Some useful Git commands for CI

I spend a lot of time writing build scripts for interacting with Git repos. But Git’s documentation is notoriously opaque, and a lot of my Git knowledge comes from word-of-mouth rather than reading the docs. In that spirit of sharing, these are few of the Git commands I find useful when writing build scripts.

$ git rev-parse --show-toplevel

This command gives you an absolute path to the top-level of your repository.

Often scripts expect to be run from the root of a repo, so assume that $(pwd) gives you that path – but that’s not always true. Using this command always gives you the top of your repo.

Some examples of how I use this:

$ git rev-parse --show-prefix

While reading the git-rev-parse docs for this post, I stumbled upon this similar command. This tells you where you are, relative to the top-level of the repo.

I don’t have a use for this yet, but I feel like it’s bound to come in handy.

$ git diff --exit-code
$ echo $?

$ echo "Hello world" >>
$ git diff --exit-code
diff --git a/ b/
index a562e4a..a20d083 100644
--- a/
+++ b/
@@ -27,3 +27,4 @@ $ make serve

 A local copy of the site will be served on <http://localhost:5757>.
 If you make changes to the source files, this version will automatically update.
+Hello world

$ echo $?

Running git diff will show you any unstaged changes. Adding --exit-code will cause it to have a non-zero exit code when you have a non-empty diff.

I use this to check that automated tasks have run correctly:

This is a pattern I originally read in the Hypothesis Makefile.

(If you just want an exit code and no printed diff, add --quiet.)

$ git diff --name-only

$ git diff --name-only e7791a0 82eb01c

Adding the --name-only flag to git diff gives you a list of files with changes.

In larger projects, it can be useful to skip some of the tests/builds if there aren’t any changes to relevant files. Output from this command can be input in a decision whether to run certain parts of the build.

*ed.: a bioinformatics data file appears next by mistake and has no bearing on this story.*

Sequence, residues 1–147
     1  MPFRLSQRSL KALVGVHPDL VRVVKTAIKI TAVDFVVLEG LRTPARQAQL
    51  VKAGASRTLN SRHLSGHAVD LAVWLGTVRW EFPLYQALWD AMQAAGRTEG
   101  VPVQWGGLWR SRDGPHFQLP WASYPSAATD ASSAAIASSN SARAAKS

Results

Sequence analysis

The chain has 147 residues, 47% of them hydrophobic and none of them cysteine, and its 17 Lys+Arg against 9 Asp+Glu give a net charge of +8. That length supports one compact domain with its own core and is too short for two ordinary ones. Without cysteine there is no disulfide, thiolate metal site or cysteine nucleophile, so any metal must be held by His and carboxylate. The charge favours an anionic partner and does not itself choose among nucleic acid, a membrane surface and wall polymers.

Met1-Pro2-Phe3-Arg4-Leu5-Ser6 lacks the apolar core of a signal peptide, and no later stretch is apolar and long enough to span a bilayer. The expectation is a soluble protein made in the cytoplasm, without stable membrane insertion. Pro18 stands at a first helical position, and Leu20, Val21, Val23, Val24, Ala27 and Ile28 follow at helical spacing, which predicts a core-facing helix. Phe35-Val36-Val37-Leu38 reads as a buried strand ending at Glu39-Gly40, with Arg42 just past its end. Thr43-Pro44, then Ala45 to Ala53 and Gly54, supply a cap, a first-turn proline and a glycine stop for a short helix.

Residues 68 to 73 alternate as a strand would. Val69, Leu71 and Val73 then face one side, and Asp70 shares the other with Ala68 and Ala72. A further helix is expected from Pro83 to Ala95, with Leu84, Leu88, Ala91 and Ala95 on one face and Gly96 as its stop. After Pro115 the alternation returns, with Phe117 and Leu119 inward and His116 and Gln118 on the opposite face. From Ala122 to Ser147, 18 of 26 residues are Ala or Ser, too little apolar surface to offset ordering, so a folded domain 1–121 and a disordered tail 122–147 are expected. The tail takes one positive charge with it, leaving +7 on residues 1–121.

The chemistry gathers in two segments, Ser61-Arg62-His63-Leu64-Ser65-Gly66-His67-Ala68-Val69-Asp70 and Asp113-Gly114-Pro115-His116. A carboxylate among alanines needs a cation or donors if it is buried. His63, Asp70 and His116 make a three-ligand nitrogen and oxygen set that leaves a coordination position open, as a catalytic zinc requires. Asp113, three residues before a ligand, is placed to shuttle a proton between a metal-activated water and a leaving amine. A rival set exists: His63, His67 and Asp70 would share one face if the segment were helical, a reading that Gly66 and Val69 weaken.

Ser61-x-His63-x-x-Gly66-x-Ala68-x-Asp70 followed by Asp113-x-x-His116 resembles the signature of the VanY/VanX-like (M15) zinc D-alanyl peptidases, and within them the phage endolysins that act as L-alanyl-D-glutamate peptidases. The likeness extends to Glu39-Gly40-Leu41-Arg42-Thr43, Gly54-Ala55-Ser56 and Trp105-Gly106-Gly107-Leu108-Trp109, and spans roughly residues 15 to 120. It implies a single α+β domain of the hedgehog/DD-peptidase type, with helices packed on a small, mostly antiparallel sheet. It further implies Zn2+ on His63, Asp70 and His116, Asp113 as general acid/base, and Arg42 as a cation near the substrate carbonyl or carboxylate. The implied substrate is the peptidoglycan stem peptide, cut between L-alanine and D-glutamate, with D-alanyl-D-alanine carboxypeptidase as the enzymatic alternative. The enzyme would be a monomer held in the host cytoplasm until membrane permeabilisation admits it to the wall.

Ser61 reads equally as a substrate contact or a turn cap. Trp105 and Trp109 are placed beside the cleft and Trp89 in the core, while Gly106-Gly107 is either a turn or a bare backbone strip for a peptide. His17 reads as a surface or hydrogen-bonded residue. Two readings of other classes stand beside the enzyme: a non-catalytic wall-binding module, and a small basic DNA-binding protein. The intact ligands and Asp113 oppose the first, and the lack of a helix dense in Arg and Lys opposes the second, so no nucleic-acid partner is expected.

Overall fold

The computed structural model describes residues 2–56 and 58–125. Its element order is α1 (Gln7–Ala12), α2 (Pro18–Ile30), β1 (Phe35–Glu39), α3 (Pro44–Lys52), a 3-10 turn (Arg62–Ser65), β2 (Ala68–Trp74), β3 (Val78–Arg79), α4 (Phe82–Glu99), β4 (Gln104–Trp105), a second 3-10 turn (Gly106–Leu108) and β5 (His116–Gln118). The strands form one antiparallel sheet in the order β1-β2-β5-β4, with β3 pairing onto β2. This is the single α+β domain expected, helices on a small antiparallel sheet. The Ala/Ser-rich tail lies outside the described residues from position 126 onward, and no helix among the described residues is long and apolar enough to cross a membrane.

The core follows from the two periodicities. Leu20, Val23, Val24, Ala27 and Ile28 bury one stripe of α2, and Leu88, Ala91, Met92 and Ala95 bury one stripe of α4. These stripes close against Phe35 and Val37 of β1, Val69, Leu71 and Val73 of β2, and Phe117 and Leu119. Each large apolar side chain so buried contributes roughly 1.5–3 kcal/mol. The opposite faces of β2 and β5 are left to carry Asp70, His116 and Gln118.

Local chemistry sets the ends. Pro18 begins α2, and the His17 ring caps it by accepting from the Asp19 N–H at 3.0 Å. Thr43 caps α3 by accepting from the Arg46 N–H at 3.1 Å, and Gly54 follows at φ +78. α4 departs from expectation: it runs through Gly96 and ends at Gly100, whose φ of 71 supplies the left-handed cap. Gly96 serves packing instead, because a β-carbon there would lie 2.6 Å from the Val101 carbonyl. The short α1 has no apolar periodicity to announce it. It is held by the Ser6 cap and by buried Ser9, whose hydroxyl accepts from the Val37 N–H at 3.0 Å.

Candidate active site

A few examples:

On its own, this command isn’t very useful – it’s when you wrap your own logic around it that it becomes really powerful.

$ git merge-base --is-ancestor master my-branch; echo $?

$ git merge-base --is-ancestor other-branch my-branch; echo $?

This final command can tell you if one commit is the ancestor (directly precedes) another commit. It exits with code 0 for yes, code 1 for no.

The example is based on the following branch structure:

There are three commits up to master (marked in blue). There are then additional two commits atop master to my-branch (red), and three commits in a different branch from master, named other-branch (green).

Most of the time, I’m comparing against master – more specifically, the shared master that’s been pushed to GitHub. Checking that shared master is an ancestor of my current branch is a good way to ensure I don’t inadvertently blat changes in master.

Let’s look at an example.

Now master has advanced another two commits (blue), while other-branch (green) hasn’t moved.

Consider the two commits in master but not in other-branch. Suppose they contain important changes, and we’ve deployed them to a staging server. If we do a deployment from other-branch, we’ll deploy our changes and revert the already-deployed changes from master. This opens the door for mistakes and confusion – so we can use --is-ancestor to check we’re only building on top of current master, not some earlier version of it.

In this case, a deployment from other-branch would be rejected until we’d rebased against master.

I use all of these commands on a regular basis, but I bet there are others I’m missing. What Git commands do you find indispensable? What do you wish more people knew about? I’d love to know what you find useful – write your own blog post, or tell me on Twitter.